IBR Report

Introducing Grant Thornton’s Global Research Findings for H2 2020

Chris Cracknell Chris Cracknell

This is the first of four articles on Grant Thornton’s global research, covering H2 2020. We begin with an introductory framework for understanding the report, then continue the series with a summary of the worldwide findings, followed by examinations of the data from the APAC region. The series will conclude with a focus on Thailand specifically. Along the way, we’ll give a general overview of the present opportunities and concerns for business, as indicated by current data.

As with previous surveys, the new report highlights relative levels of business confidence across several categories, while also exploring the expected impact of various challenges and opportunities for the private sector. As we enter 2021, however, it seems necessary to address a number of questions that may come to mind when discussing such a topic. Namely:

  • Aren’t the survey questions essentially just a proxy for predictions about how quickly the virus will be overcome?
  • Haven’t we all learned by now that the current period is fundamentally unpredictable?
  • What actionable lessons can be learned from statistics about current business sentiment?

Let us return to these questions from a slightly different angle, while also explaining a bit about the methodology of the study.

 

The meaning of optimism in an age of unpredictability

As we look back on 2020, we can see how eventful it has been for the entire world and therefore how hard it is to predict the future with confidence. From widespread economic insecurity to the awakening of social movements from all over the political spectrum, to plenty of finger-pointing about both the origins of COVID-19 and the subsequent response to it, there remains considerable potential for a wide variety of outcomes. If nothing else, however, we need to learn to react and adapt quickly to an ever-changing new norm.

CEO and Managing Partner Ian Pascoe underscored this point, while also referencing the logic behind private sector optimism even amid uncertainty:

Ultimately, Grant Thornton’s global research efforts are a compilation of best estimates about the direction of the private sector moving forward. Yet recent history reminds us that the world is less predictable than we tend to believe.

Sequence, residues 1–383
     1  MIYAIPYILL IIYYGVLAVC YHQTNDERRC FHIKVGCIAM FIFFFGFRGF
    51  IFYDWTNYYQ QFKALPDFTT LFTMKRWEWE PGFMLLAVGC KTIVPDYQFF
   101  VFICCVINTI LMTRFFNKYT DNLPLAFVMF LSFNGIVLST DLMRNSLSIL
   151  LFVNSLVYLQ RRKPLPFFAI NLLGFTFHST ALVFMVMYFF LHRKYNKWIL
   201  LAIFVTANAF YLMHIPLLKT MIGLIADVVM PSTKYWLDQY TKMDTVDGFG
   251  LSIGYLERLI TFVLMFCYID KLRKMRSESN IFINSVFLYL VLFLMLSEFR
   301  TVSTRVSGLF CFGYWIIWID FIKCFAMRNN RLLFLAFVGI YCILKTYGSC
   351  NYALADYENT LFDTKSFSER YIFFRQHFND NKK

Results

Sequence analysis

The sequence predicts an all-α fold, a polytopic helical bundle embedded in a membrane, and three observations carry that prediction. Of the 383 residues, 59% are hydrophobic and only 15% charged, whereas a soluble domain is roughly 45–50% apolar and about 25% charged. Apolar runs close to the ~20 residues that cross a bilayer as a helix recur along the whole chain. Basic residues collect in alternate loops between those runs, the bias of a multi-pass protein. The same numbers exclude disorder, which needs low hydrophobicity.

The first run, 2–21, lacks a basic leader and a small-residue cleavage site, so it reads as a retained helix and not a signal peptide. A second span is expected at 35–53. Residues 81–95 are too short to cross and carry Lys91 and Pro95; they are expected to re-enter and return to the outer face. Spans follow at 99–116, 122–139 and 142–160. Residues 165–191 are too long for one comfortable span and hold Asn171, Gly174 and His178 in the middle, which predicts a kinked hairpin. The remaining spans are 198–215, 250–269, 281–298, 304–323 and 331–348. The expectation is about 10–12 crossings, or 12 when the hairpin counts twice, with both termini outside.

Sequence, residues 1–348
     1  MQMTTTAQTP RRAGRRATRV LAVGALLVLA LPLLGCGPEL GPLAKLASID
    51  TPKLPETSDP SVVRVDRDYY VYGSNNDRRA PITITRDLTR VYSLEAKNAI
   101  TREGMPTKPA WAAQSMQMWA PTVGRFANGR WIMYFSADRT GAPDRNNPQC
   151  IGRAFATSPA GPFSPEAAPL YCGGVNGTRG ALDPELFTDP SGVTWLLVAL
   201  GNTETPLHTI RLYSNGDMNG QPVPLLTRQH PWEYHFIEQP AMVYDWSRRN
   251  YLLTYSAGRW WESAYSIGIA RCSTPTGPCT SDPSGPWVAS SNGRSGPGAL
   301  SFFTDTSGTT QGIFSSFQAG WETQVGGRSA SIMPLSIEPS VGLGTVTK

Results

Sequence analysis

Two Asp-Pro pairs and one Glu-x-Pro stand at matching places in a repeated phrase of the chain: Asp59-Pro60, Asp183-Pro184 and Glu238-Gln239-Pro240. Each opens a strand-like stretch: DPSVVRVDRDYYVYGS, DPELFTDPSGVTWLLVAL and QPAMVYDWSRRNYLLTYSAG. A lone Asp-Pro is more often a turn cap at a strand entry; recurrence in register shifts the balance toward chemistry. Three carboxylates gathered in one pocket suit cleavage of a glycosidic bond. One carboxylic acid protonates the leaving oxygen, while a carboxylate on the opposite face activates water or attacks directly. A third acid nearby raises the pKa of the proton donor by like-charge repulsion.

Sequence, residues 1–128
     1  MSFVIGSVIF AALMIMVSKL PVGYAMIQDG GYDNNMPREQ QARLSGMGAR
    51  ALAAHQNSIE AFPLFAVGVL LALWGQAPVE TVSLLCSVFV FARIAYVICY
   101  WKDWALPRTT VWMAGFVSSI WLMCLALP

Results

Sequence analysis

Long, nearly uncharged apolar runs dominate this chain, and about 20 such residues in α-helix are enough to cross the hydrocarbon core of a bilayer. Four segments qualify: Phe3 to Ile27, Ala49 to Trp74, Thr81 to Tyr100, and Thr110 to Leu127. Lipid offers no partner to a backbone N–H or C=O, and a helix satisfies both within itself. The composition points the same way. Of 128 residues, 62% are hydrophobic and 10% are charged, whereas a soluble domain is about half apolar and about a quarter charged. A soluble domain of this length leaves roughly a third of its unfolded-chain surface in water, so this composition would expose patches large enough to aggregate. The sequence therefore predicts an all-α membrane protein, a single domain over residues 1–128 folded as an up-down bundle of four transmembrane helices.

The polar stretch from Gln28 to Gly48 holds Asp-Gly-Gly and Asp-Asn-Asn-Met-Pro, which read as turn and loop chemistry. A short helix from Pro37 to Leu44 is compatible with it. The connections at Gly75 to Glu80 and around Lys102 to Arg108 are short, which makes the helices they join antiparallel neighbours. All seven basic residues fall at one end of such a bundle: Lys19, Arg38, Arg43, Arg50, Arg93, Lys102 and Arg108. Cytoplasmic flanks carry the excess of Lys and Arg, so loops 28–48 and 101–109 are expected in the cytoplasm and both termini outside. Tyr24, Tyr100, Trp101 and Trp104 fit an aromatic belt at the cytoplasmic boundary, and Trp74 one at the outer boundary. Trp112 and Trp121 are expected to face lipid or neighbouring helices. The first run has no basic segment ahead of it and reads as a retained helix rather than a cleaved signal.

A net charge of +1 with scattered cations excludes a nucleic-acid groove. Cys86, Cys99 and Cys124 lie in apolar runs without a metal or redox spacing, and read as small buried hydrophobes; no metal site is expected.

This observation leaves us with two ways to interpret the data. The first is that companies expect the economic situation to improve in the near term, opening the door once again to significant growth. This very well may be the case, and indeed we all hope things go in that direction. But with new outbreaks making headlines even as we speak, it’s hard to avoid the impression that this outlook leans rather heavily on ‘hope’ as the operative word.

The other interpretation is that businesses around the world now realise the importance of agility, and have implemented – or are implementing – more flexible processes that will allow them to thrive even if conditions do change again, as they likely will. Agility is a prerequisite for adaptation, and there’s no more important quality to have in this era of disruption.

Indeed, all evidence suggests that we’re entering a K-shaped recovery period, where post-pandemic growth rates reveal widening gaps even within industries. Agile and well-adapted businesses will rebound quickly along the upper arm of the ‘K’, particularly as the spread of the virus slows.

By contrast, companies that fail to update their strategy and technology for the new environment are likely to find themselves following the lower arm of the ‘K’, and in real trouble moving forward, because they are mis-aligned with the current and future direction of their industry. Business leaders who show optimism may in fact be encouraged by their own success at adaptation, rather than simply predicting that the pandemic will end soon.

 

This understanding gives us a valuable lens for interpreting the data, which we will present in the articles that follow. From measurements of overall optimism to concerns about specific business constraints, the report offers a look at the landscape many companies now see in front of them.

It is worth stressing that businesses are by no means passive players in this game. If a close inspection of your company reveals that it is overly reliant on external factors for its good fortune, or you find your company continuing to aim at old targets, a new organisational strategy may be worth looking into.

The study, formerly known as the Grant Thornton International Business Report, is conducted twice per year. More than 5,000 mid-market businesses across 29 economies are surveyed worldwide, using both online and telephone interviews to gauge business sentiment among chief executive officers, managing directors, chairpersons, or other senior executives from all industry sectors.

 

This research was conducted from October to December 2020 – a notable range of dates, as the US election results were reported within this time window, along with the first news of a positive coronavirus vaccine. The report was compiled before the December announcement of a deal between the UK and the EU on the Brexit issue, before a new strain of the virus was identified in the UK, and before the recent increase in cases in Thailand and elsewhere in the world.

With those thoughts in mind, let’s see what the data tells us about the road ahead.

 

Part 2 of this series will follow shortly.